Criminal Justice

Parents and lawyers scrutinized in claimed free-lunch scheme for kids of school district insiders


An investigation of school lunch programs in New Jersey has determined that there is widespread abuse by school district employees and even some school board members, authorities say.

In addition to obtaining a free lunch for children who do not qualify, the claimed scheme brings additional state funding to the districts based on the purported number of low-income families living there, reports the Star-Ledger. An investigation by the newspaper reportedly sparked a subsequent state probe.

The Office of the State Comptroller has referred more than 100 employees and family members for criminal prosecution. Earlier, cases were pursued by state prosecutors against several board members in Elizabeth. Also charged by the state attorney general’s office were two lawyers accused of participating in a scheme to cover up a claimed fraudulent school-lunch-program application by a board member.

They are Kirk Nelson, 46, an attorney for the Elizabeth board of education, and Frank Capece, 62, who serves as the board’s outside counsel, according to another Star-Ledger article published in April.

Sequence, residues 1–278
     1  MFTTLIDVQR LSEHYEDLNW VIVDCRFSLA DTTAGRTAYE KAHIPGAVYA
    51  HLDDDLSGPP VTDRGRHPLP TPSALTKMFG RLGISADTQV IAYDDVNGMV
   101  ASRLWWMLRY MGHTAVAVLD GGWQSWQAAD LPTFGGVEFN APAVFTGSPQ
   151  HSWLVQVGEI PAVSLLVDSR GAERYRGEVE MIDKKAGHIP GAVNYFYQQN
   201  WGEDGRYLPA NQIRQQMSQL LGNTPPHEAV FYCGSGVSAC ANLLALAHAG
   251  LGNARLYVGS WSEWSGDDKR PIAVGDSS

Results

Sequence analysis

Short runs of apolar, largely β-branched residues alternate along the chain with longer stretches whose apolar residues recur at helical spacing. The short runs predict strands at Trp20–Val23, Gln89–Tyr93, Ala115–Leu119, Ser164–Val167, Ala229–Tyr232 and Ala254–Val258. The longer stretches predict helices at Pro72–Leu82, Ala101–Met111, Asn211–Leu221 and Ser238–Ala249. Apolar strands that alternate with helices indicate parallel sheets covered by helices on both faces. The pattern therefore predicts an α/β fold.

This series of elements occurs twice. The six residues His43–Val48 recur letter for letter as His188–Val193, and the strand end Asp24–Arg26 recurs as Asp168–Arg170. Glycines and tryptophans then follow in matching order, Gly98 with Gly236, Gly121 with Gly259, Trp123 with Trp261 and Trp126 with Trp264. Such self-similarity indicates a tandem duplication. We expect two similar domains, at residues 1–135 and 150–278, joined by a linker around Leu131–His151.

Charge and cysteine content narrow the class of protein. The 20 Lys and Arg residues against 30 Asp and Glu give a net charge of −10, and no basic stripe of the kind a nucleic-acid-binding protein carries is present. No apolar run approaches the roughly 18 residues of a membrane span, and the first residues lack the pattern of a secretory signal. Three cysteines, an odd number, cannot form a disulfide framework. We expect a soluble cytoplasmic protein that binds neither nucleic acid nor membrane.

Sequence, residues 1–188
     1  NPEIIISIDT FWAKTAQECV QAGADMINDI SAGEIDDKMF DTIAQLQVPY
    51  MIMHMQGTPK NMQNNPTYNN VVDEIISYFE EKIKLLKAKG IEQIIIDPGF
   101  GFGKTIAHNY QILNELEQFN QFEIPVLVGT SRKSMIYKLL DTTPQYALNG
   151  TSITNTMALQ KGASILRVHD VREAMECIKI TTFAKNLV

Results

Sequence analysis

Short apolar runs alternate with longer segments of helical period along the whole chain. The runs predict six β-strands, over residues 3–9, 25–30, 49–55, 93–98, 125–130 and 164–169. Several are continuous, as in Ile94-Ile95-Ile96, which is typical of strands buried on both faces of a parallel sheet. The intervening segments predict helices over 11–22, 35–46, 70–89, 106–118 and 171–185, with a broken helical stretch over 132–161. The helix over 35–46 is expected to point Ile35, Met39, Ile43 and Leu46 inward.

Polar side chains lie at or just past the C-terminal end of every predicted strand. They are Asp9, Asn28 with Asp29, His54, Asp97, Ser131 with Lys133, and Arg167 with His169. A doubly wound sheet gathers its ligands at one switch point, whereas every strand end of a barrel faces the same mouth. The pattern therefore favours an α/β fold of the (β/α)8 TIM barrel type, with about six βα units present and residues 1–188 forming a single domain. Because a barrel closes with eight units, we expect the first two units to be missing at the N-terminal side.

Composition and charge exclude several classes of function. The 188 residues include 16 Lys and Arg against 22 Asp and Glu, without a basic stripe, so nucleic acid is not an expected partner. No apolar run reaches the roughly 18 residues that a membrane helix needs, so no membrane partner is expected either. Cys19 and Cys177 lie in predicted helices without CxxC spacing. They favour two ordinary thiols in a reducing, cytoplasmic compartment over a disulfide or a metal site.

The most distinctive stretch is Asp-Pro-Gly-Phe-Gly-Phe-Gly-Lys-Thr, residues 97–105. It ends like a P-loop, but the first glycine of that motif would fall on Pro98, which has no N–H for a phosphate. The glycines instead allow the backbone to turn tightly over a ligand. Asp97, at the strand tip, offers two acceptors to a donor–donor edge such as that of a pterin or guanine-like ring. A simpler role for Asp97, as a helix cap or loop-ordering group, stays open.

Both were charged with falsifying or tampering with records and hindering apprehension.

“I don’t know which is more disturbing, a school board member and his wife allegedly stealing from a school lunch program for disadvantaged students, or two attorneys allegedly tampering with the records of the public body that they serve to thwart a criminal investigation,” said Attorney General Jeffrey Chiesa at the time. “Corruption is never to be taken lightly—not at any level—and we intend to make perfectly plain that the defendants’ alleged conduct is nothing short of criminal.”

NJToday.com also had a story and a statement provided to NJToday.com by the school board president noted out that none of the Elizabeth defendants have been convicted of any wrongdoing.

The articles don’t include any comment from the lawyers or their counsel.

See also:

Star-Ledger (opinion): “Elizabeth school board is back on the ropes”

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